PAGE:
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Wellbeing & Fitness

Why Women get UTIs and How to Avoid Them

8 May 2017 8:55 AM
image of Mr Andrew Ballaro

Mr Andrew Ballaro

Written by Mr Andrew Ballaro for Doctify

If you’re a woman, you have probably experienced the feeling of dread and dismay that comes with contracting UTIs. You know that days of discomfort are ahead of you and that no amount of chugging cranberry juice will help.

As the saying goes: information is power. Bearing this in mind, we have asked Mr Andrew Ballaro, a leading Doctify Urologist, to give us the lowdown on what causes UTIs and how to prevent them.

Why do women get UTIs more often than men?

Women are at disadvantage to men when it comes to their susceptibility to urinary tract infections as the female urethra. This is because the muscular tube that conveys urine from the bladder to the outside world, is far shorter. It is therefore easier for easier for bacteria to enter the bladder. The following natural defence mechanisms usually prevent infection:

  • The washout effect of bladder emptying

 

  • The health and hormonal status of the mucosal (skin) cells that line the urogenital tract

 

  • The overall general health and immune status of the individual.

What can you do to avoid them?

There are several measures women wanting to prevent urinary tract infections can take:

  • Maintaining general good health – make sure you are getting enough sleep and drinking lots of fluids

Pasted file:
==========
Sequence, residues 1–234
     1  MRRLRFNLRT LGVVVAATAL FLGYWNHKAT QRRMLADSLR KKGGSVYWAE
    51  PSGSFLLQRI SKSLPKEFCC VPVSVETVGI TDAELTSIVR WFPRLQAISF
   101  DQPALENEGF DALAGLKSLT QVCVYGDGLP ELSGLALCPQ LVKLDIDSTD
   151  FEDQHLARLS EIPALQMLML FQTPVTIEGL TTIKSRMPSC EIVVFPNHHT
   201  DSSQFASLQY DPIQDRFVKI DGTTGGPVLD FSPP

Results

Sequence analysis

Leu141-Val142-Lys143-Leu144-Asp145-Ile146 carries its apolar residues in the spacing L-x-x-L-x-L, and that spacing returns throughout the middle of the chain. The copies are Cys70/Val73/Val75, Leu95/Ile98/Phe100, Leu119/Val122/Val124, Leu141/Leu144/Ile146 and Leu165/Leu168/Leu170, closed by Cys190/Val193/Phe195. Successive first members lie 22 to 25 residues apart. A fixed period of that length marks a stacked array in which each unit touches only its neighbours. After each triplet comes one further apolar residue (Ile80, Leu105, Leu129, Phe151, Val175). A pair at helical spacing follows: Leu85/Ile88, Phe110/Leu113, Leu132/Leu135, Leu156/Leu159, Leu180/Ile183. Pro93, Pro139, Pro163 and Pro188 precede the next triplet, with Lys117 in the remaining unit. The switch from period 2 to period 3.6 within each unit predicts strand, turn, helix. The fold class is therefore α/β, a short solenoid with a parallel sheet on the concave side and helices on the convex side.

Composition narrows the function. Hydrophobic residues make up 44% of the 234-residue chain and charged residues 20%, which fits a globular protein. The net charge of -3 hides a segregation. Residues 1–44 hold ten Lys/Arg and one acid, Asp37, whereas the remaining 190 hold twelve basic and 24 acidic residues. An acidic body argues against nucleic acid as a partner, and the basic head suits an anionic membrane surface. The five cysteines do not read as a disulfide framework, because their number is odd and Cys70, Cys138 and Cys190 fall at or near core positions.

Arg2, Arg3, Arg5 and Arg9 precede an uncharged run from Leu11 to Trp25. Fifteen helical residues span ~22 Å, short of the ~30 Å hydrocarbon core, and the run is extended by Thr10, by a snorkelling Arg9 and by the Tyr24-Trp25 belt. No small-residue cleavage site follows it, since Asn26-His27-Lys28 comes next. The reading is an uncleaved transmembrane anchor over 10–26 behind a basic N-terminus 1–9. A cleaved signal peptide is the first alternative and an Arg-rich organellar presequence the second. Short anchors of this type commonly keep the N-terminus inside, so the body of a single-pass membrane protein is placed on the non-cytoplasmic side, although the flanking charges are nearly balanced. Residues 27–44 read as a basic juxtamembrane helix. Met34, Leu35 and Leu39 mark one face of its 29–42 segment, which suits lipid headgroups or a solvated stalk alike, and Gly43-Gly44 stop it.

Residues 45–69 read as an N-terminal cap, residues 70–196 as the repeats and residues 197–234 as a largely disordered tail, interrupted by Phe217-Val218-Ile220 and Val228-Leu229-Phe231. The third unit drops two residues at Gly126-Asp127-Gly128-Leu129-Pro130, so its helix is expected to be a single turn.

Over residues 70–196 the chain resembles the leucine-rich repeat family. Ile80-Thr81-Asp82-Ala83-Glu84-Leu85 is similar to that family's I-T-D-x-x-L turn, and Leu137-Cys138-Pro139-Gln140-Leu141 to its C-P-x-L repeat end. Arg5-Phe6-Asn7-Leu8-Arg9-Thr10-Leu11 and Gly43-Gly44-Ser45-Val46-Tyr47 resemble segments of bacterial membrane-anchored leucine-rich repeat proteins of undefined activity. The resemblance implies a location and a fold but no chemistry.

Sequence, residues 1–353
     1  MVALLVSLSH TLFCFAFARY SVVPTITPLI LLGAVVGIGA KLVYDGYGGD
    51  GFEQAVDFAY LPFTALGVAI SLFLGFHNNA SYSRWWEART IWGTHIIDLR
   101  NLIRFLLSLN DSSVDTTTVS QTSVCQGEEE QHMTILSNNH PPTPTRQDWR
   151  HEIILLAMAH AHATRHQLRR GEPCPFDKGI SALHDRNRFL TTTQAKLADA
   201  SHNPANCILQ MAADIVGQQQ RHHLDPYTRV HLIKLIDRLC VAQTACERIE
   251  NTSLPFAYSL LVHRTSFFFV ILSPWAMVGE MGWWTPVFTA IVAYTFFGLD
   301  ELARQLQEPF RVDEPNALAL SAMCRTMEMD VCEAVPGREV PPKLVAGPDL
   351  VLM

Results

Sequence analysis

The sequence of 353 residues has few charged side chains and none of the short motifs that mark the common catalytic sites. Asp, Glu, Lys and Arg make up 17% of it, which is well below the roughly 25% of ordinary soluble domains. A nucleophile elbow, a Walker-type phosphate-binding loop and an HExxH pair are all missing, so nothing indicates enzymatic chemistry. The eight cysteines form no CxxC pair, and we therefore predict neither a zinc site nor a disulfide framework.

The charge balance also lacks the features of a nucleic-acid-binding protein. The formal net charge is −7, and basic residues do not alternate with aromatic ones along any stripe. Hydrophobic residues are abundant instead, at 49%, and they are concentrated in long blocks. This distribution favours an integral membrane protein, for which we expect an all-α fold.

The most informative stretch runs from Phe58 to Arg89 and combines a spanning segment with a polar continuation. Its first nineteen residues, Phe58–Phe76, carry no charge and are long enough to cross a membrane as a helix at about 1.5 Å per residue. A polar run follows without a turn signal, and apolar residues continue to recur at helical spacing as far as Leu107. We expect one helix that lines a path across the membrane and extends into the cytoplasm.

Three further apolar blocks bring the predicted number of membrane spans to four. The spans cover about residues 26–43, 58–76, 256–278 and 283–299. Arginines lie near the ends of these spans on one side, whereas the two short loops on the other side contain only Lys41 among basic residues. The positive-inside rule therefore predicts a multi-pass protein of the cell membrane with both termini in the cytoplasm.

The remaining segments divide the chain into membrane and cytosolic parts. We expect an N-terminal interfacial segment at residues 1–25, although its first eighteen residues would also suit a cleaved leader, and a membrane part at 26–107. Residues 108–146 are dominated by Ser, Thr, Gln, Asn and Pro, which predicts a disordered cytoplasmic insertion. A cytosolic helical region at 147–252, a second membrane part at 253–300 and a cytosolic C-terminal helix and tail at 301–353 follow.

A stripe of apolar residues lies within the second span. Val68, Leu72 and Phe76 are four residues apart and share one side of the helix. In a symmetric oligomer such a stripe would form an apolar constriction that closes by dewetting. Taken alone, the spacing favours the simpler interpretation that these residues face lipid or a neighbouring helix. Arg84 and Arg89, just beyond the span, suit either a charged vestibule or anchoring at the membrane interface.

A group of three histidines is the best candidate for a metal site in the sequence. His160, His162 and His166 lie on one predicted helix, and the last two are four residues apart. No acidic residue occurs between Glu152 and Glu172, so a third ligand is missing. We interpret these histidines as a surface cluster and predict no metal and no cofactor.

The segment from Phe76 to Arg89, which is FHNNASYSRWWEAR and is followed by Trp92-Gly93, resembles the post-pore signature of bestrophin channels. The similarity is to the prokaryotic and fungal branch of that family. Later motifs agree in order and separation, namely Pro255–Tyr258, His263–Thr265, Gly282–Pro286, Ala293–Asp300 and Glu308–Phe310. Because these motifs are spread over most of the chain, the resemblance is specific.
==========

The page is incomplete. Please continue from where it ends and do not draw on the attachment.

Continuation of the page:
• Make sure to empty your bladder after intercourse, as urethral bacteria are commonly pushed into the bladder during sexual activity.

 

  • Do not use strong disinfectants or topical supplements when washing your intimate areas as these can remove the normal healthy bacterial flora, leaving the cells open to attack from disease causing organisms.

Are some women more susceptible than others?

As women approach the menopause, oestrogen levels fall and this causes a change in the receptivity of urogenital mucosal cells to organisms, and colonisation with disease forming rather than normal protective bacteria. This increases the likelihood of developing an infection. To counteract this, one can apply topical or systemic oestrogen supplements, which boost the mucosal defence mechanisms. Sometimes this is not enough, and post-menopausal women with recurrent infections may benefit from a three or six month course of low dose preventative antibiotics.

 


 

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